Crashing Amazon

When I was a junior in college, I took a class in computing. In those days, that meant working on a dumb terminal in a roomful of dumb terminals attached to a mainframe that was kept somewhere safe and secure from undergrads.

At one point I wrote a program to simulate running a dishroom, a real-world job that I had at the time. This is not one of those Great Moments in Programming. It was just the assignment I had to do at the end of the semester.

After writing my program, I had to test it. Every time I tried, the mainframe gave me an error message that said something like "You need more memory than I, the mainframe computer, am willing to give you." Even after I modified the program, the message persisted. I was not amused.

Even as a young(er) man, I tended to think that rules were more like guidelines, so I started poking around the system looking for ways to increase the memory allocated to my account. I found something that looked promising and set my maximum memory to "whatever the heck I want". Back to testing.

I started to run the program and VOILA!!! Success. The program churned along nicely, generating outputs and reports and whiz-bang dot-matrix type graphics for a couple of minutes. And then the mainframe retaliated.

First, the program crashed. When I tried to restart it, a mess of code started to stream down the screen, Matrix-style, but pre-Matrix. Very pre-Matrix. The Wachowski Brothers owe me big.

After a minute, the other people working around me started saying things like "Whoa!" and "What the heck is this?". I looked over at the guy next to me and saw that his screen was spewing code, too. A second look confirmed that some of the spewing code were lines from my program.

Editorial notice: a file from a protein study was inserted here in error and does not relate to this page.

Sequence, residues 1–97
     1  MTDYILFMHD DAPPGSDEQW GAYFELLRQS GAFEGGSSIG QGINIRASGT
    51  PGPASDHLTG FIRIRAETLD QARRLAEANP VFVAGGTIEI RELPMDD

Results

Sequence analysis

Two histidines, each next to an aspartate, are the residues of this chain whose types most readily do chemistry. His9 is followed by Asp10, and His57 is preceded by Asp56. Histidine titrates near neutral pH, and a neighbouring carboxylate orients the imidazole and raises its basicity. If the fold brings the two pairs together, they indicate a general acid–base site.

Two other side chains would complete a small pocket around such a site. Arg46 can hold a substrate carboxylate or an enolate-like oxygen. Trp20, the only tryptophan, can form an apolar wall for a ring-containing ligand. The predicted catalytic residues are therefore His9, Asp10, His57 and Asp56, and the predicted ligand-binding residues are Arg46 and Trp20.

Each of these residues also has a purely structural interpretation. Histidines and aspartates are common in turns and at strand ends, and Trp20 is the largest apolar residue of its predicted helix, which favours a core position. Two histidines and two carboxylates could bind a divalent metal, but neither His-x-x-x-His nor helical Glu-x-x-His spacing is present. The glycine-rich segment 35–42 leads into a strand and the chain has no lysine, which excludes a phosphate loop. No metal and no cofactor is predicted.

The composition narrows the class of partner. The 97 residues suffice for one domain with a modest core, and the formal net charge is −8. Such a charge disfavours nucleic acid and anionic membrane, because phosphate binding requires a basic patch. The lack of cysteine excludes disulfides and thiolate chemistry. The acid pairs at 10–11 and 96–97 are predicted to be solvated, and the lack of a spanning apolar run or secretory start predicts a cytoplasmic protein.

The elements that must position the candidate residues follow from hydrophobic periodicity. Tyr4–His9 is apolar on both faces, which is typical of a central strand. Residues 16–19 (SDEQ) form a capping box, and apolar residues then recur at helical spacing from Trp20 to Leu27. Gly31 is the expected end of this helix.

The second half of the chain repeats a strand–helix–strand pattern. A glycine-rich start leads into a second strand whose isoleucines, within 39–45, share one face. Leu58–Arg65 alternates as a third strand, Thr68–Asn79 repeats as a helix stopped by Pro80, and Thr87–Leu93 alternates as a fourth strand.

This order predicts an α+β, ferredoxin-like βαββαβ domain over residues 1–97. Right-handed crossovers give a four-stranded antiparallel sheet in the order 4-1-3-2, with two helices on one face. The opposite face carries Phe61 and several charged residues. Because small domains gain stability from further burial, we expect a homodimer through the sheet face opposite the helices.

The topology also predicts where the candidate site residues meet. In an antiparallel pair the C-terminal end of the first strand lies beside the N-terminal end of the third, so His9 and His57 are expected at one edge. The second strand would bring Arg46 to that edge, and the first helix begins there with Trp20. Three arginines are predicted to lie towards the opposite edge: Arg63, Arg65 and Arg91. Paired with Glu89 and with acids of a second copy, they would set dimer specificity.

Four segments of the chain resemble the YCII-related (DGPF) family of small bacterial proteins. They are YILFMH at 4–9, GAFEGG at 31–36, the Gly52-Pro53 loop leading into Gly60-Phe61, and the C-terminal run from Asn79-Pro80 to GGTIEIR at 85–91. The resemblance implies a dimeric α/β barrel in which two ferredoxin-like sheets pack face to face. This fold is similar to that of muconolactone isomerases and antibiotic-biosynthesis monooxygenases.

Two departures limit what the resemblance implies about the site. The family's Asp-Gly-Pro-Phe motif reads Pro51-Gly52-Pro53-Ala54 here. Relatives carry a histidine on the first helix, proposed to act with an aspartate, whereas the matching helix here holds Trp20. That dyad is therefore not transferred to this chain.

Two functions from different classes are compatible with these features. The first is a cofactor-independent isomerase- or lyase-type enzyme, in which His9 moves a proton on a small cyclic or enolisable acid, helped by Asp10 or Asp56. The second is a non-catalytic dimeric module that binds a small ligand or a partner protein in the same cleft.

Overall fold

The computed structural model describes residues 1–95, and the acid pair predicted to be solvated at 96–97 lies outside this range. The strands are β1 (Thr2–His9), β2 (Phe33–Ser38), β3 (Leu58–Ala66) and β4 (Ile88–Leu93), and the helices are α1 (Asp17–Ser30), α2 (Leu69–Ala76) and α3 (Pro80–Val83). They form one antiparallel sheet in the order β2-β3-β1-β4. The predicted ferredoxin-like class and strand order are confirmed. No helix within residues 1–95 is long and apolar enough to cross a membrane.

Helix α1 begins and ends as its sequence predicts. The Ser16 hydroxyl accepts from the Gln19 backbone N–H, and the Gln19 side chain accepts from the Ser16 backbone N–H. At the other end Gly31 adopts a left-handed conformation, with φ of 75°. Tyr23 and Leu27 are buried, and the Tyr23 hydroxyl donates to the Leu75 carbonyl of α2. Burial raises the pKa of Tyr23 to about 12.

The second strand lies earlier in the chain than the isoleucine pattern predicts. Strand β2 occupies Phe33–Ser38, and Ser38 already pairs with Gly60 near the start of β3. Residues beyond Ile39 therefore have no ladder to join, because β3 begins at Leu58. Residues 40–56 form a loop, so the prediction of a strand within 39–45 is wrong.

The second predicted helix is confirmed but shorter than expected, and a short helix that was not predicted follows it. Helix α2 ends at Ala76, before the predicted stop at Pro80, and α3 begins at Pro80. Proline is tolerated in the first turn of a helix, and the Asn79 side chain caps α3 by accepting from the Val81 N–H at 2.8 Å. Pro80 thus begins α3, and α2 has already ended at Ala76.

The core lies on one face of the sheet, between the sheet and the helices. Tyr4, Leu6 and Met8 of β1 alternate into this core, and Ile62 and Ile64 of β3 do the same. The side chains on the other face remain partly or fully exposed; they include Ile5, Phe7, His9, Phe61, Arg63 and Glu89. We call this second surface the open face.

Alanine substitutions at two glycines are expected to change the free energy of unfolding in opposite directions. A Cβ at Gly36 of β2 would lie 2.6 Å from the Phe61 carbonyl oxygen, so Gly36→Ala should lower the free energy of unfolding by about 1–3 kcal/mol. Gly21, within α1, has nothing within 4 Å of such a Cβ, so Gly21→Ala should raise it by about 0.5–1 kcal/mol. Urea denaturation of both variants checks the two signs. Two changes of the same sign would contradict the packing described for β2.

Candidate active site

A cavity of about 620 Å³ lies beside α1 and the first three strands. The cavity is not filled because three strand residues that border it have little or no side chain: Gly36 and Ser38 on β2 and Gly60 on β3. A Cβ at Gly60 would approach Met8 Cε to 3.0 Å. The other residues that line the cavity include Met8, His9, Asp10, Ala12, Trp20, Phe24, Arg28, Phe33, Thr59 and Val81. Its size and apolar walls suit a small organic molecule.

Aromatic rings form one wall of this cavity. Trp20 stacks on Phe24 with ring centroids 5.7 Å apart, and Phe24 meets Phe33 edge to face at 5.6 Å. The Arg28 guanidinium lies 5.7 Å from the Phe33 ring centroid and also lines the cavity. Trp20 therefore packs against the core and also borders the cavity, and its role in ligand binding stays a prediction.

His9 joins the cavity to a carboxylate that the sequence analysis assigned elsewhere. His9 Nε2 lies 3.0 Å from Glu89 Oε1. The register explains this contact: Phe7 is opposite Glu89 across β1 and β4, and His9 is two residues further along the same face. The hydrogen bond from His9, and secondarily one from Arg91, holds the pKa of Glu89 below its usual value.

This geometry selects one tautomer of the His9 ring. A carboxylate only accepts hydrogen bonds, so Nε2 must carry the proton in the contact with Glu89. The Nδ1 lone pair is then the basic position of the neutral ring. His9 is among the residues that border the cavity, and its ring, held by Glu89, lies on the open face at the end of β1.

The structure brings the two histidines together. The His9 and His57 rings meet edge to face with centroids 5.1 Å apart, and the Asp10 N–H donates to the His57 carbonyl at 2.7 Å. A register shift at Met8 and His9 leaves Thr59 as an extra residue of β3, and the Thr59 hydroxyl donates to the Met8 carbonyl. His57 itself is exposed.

It was late and there wasn't anyone around to call or ask to intervene. I suggested that maybe I had done something to crash the mainframe. People started to gather around my terminal and look at the mess running down my screen. Everyone's code seemed to be on display in some random command line generator.

Finally, one really scary looking computer whiz came over and looked at the mess. Then he looked at me. Then he looked back at the mess and asked, "Have you tried Control-O?" I said no, I hadn't tried Control-O. I mean, what the heck was Control-O?

"You should try it," he said. "It's really powerful." Then, he walked away.

So I took inventory of the folks around me. All agreed that we didn't have a better plan. Control-O it was. I pressed the keys.

The spewing stopped, and in a couple of minutes we were all returned to our log-in screens. Whatever work we hadn't saved was lost, but people didn't mind so much. In those days, code was written out (by hand in my case), so it was mostly a bit of typing. And everyone was impressed by my deft use of Control-O.

So… I wanted to order an album yesterday, around the time that the web site for Amazon crashed. It was down hard for about an hour. For most of that time I sat around wondering if someone in Seattle had just asked for more memory.

Brian O'Leary

About Brian O'Leary

Founder and principal of Magellan Media Consulting, Brian O’Leary helps enterprises with media and publishing components capitalize on the power of content. A veteran of more than 30 years in the publishing industry and a prolific content producer himself, Brian leverages the breadth and depth of his experience to deliver innovative content solutions.

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